If you have diabetes you may wonder if it's safe to drink alcohol. While many people with diabetes can drink alcohol in moderation, it's important to understand the possible risks of alcohol use and what you can do to lower them. Alcohol can interfere with how the body uses blood sugar (glucose). Alcohol can also interfere with certain diabetes medicines. You should also talk with your health care provider to see if it is safe for you to drink.
Diabetes and the Risks of Drinking Alcohol
For people with diabetes, drinking alcohol can cause low or high blood sugar, affect diabetes medicines, and cause other possible problems.
LOW BLOOD SUGAR
Your liver releases glucose into the blood stream as needed to help keep blood sugar at normal levels. When you drink alcohol, your liver needs to break down the alcohol. While your liver is processing alcohol, it stops releasing glucose. As a result, your blood sugar level can drop quickly, putting you at risk for low blood sugar (hypoglycemia). If you take insulin or certain types of diabetes medicine, it can cause seriously low blood sugar. Drinking without eating food at the same time also greatly increases this risk.
The risk for low blood sugar remains for hours after you take your last drink. The more drinks you have at one time, the higher your risk. This is why you should only drink alcohol with food and drink only in moderation.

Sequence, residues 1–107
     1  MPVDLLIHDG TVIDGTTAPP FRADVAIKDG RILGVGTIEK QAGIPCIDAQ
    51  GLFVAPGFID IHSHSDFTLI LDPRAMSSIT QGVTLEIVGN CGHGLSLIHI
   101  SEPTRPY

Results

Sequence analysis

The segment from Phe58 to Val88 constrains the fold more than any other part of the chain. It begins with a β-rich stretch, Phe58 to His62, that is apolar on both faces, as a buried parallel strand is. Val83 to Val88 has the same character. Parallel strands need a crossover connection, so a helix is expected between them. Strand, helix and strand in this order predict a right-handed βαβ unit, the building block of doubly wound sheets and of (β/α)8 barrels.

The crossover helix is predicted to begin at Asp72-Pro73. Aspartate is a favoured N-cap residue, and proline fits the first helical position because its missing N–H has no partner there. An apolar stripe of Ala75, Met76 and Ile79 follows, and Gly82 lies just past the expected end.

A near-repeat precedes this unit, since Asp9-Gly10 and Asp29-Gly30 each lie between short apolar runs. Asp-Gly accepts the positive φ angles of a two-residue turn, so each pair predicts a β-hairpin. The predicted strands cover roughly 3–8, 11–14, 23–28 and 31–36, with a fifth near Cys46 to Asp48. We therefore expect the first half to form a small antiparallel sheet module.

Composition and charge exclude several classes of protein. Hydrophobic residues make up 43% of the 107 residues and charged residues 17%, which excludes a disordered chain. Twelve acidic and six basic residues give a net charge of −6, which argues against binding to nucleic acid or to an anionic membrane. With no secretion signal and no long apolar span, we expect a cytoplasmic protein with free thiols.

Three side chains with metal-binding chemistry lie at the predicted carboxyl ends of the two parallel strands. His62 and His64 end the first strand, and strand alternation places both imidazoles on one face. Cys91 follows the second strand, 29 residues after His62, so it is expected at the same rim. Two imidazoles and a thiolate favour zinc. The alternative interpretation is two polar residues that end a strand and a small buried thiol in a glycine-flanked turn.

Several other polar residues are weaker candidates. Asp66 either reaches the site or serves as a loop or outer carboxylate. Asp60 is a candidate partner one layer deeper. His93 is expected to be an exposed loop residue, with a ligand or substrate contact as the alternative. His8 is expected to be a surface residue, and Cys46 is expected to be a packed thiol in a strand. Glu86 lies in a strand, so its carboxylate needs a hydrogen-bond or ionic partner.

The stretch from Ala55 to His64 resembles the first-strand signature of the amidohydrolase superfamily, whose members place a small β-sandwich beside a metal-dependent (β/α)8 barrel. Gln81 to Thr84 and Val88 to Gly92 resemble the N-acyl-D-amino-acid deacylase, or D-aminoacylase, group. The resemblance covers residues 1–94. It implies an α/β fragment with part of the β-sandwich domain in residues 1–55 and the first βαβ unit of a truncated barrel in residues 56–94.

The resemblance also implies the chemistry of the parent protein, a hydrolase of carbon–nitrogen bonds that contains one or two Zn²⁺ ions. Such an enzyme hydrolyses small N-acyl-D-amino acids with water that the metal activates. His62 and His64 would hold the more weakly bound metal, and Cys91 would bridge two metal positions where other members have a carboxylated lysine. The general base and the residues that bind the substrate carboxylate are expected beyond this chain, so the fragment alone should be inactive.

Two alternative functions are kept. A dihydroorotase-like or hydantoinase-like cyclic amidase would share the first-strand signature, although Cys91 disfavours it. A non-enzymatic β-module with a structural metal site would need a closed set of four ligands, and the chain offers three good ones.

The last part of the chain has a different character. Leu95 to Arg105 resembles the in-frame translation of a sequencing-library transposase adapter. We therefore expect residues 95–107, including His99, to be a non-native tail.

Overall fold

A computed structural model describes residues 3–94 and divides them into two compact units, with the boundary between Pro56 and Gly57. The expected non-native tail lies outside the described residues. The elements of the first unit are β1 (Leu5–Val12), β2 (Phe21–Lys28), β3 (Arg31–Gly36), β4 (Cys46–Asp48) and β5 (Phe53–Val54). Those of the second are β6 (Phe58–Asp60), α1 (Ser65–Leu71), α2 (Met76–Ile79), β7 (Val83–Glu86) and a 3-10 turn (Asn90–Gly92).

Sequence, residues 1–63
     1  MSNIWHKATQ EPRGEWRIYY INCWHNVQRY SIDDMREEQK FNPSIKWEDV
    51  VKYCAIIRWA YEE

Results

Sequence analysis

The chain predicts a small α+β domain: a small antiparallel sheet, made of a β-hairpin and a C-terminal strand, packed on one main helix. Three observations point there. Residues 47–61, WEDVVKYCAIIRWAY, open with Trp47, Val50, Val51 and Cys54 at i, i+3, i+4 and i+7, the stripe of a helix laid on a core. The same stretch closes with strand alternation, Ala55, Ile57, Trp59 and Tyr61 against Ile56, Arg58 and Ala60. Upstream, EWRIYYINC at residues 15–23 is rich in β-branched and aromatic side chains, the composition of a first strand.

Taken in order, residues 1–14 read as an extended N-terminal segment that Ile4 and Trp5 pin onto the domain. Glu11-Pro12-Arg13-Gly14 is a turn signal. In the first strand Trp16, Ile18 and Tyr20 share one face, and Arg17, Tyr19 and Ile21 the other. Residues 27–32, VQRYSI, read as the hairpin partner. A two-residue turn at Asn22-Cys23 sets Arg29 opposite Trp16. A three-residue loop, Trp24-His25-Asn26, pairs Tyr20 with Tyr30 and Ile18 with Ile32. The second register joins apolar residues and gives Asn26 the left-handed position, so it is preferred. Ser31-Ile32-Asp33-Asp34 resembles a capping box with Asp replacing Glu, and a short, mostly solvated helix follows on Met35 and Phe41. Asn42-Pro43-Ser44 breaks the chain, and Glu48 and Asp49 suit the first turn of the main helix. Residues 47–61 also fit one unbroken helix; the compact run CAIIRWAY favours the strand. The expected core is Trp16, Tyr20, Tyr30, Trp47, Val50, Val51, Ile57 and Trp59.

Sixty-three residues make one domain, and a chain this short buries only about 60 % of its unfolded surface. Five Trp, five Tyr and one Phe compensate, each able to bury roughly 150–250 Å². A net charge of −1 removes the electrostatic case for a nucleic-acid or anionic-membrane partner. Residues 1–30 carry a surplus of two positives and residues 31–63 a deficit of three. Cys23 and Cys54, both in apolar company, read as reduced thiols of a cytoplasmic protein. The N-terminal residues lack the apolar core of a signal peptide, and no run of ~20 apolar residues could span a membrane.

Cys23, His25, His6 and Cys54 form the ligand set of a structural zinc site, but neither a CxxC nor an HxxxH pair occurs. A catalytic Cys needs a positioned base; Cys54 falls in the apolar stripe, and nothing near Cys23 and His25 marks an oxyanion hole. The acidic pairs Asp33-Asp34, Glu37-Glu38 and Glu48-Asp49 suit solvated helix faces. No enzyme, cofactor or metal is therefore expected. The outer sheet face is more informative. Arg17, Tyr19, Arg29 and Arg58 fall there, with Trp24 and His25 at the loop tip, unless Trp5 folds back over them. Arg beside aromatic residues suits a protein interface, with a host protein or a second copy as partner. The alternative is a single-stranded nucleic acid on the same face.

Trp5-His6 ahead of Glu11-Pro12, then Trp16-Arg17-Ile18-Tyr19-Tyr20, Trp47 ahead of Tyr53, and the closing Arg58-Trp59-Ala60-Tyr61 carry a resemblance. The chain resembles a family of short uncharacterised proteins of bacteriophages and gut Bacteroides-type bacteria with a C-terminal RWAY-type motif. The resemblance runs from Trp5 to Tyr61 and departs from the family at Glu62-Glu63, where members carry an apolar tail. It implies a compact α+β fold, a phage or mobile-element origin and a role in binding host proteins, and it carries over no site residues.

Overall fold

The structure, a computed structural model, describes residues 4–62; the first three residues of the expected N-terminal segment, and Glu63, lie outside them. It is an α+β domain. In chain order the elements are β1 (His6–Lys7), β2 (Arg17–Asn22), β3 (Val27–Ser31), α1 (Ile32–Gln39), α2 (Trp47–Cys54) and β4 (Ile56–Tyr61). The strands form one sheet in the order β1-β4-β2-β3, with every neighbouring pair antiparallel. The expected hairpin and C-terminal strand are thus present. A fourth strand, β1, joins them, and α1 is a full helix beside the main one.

ALCOHOL AND DIABETES MEDICINES
Some people who take oral diabetes medicines should talk with their provider to see if it is safe to drink alcohol. Alcohol can interfere with the effects of some diabetes medicines, putting you at risk for low blood sugar or high blood sugar (hyperglycemia), depending on how much you drink and what medicine you take.
OTHER RISKS FOR PEOPLE WITH DIABETES
Drinking alcohol carries the same health risks for people with diabetes as it does in otherwise healthy people. But there are certain risks related to having diabetes that are important to know.
- Alcoholic drinks such as beer and sweetened mixed drinks are high in carbohydrates, which can raise blood sugar levels.
- Alcohol has a lot of calories, which can lead to weight gain. This makes it harder to manage diabetes.
- Calories from alcohol are stored in the liver as fat. Liver fat makes liver cells more insulin resistant and can make your blood sugars higher over time.
- Symptoms of low blood sugar are very similar to symptoms of alcohol intoxication. If you pass out, those around you may just think you are intoxicated.
- Being intoxicated makes it harder to recognize the symptoms of low blood sugar and increases the risk.
- If you have diabetes complications, such as nerve, eye, or kidney damage, your provider may recommend that you not drink any alcohol. Doing so may worsen these complications.
How Much Alcohol is Safe?
To drink alcohol safely, you should be sure of the following:
- Your diabetes is in good control.
- You understand how alcohol may affect you and what steps to take to prevent problems.
- Your health care provider agrees that it is safe.
Anyone who chooses to drink should do so in moderation:
- Women should no more than 1 drink per day.
- Men should no more than 2 drinks per day.
One drink is defined as:
- 12 ounces or 360 milliliters (mL) of beer (5% alcohol content).